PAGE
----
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VISTA: Constructive Criticism (Rant On)

Column: Accountant Tech Talk

I realize you’ve come to expect some sort of review or opinions related to Microsoft software in this column, and with the
significant number of new releases of the vendor’s various
products slated for 2007, there will be no shortage of material. I’ve had a couple of things on my mind, however, and I wanted to get them off my chest as we move ahead in the New Year. Some of the things that have been on my mind relate to my world as you might expect and, consequently, will still mention new software releases from Microsoft and the use of accounting and tax applications.

First, a little background:

It’s no secret that 2007 will be a banner year for new versions from Microsoft. By the time you read this, the long-awaited public release of Windows Vista and Office System 2007 will have been officially launched with fanfare in New York City. Following, will be new versions of Exchange server, a new web-based development package named Expressions, Groove, SharePoint, Media Player, Internet Explorer (already released), Flight Simulator, Internet Security and Acceleration Server … well, you get the idea.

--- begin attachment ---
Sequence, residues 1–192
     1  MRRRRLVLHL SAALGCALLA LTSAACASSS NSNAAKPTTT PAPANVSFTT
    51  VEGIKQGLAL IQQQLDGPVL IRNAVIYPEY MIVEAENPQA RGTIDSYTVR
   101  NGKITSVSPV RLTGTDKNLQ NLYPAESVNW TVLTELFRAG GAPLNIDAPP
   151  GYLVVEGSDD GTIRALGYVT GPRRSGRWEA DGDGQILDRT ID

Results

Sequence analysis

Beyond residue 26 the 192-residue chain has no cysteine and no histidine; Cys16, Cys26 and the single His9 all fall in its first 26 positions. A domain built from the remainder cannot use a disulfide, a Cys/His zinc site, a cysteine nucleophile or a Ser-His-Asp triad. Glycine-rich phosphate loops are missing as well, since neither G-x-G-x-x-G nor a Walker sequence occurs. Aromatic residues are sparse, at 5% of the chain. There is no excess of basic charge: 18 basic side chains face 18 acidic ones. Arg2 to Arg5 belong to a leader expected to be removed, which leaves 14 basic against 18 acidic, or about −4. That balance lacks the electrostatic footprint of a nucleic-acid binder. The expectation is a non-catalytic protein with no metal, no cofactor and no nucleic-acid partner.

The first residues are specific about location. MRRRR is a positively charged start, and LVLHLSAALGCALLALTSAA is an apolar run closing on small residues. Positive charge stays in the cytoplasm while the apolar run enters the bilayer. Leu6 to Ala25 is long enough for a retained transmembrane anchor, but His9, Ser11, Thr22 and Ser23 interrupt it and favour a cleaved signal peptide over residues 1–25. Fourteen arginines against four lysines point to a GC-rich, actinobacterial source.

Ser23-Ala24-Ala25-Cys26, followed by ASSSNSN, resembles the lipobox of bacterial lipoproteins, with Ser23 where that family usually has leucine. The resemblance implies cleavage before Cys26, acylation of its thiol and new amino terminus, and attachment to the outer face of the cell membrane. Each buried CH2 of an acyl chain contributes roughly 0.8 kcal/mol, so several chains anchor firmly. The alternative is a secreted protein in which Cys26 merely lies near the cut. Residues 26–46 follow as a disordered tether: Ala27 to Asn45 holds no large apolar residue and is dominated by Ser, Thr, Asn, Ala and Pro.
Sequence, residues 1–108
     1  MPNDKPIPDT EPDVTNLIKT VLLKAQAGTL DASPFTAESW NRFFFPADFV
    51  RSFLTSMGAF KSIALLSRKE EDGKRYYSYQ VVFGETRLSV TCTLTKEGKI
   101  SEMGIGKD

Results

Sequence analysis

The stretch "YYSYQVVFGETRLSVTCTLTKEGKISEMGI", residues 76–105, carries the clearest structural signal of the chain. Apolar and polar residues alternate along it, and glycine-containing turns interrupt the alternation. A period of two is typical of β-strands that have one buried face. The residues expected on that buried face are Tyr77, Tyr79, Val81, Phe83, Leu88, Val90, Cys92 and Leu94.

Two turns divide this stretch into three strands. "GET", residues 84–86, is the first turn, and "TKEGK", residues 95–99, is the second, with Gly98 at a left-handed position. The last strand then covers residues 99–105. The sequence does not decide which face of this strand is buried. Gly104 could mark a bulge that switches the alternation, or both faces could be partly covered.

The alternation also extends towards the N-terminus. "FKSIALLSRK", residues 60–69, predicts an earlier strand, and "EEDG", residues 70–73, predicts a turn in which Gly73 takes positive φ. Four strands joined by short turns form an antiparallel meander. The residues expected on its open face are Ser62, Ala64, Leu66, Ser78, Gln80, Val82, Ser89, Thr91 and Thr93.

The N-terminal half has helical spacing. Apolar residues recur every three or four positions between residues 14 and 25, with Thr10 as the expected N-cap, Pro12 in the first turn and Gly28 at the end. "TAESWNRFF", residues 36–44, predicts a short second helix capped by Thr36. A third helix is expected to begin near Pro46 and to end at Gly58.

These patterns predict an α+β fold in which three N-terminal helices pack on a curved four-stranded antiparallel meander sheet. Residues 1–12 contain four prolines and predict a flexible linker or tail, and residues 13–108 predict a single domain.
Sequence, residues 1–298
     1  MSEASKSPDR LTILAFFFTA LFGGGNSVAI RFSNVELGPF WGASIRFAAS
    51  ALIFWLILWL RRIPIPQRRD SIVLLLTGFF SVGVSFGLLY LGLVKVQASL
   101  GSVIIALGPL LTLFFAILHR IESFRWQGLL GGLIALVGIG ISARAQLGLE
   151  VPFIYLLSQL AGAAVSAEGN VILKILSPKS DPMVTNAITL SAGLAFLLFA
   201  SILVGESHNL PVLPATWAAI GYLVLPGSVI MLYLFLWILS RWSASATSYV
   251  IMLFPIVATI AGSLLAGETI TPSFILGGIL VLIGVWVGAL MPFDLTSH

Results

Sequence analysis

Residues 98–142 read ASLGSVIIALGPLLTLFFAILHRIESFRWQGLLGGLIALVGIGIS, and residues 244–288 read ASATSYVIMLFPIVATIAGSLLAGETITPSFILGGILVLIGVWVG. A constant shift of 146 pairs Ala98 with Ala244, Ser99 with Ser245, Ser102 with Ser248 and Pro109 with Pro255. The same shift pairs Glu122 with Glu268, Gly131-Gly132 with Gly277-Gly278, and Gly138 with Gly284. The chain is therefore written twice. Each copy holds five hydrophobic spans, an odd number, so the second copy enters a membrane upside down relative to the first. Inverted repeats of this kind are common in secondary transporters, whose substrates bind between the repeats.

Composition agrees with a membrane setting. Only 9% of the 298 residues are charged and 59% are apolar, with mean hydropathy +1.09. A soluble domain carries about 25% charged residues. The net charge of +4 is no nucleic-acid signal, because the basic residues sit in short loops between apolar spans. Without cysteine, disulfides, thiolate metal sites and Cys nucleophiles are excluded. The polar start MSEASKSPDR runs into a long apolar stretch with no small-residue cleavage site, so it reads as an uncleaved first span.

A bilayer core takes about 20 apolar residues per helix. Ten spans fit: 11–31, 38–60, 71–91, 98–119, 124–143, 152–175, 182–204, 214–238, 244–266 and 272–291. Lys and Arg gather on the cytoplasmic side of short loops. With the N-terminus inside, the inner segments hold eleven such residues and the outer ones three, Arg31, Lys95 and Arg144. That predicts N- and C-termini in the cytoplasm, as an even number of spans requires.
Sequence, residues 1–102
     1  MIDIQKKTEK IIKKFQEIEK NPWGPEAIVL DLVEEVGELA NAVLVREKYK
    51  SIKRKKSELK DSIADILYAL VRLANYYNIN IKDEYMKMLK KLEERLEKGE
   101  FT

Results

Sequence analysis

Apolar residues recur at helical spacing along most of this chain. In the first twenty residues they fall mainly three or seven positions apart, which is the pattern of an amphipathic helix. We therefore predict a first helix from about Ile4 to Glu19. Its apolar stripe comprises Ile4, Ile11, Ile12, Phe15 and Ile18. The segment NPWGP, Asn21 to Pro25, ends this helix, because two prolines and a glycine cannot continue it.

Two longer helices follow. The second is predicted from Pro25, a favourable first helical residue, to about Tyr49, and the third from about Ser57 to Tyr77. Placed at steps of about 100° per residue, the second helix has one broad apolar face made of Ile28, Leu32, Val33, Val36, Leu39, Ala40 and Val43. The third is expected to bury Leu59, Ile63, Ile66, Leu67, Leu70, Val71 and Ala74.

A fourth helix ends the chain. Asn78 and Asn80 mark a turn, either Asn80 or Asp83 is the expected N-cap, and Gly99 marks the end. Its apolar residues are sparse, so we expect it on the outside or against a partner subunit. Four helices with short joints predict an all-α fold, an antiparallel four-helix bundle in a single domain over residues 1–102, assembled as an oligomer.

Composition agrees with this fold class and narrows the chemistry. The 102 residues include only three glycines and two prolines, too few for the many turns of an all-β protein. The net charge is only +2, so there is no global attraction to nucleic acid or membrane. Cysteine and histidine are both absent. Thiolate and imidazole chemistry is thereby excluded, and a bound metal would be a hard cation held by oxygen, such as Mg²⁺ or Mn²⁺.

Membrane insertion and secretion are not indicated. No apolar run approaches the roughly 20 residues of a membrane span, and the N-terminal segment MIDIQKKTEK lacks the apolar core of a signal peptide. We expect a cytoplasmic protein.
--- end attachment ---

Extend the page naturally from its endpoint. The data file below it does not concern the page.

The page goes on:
Second, a little more background:

Yesterday, I spent the day helping my son’s law office install a real server. This relatively small professional firm of 10 including lawyers, paralegals and support staff was still operating in a peer-to-peer network, and most of the professionals were using legacy (ancient) hardware with the exception of one desktop machine. This new hardware — specifically a dual core Pentium processor and sufficient memory — significantly improved the computing experience. I watched with interest as these users loaded up an application designed for the legal industry to keep track of their cases, time and billing. On the new hardware, the application loaded in less than five seconds. On the legacy machines, most took around two minutes or longer to load. I had to shake my head in dismay as these professionals who bill on average $400+ per hour waited minutes to access critical information necessary to accomplish their work.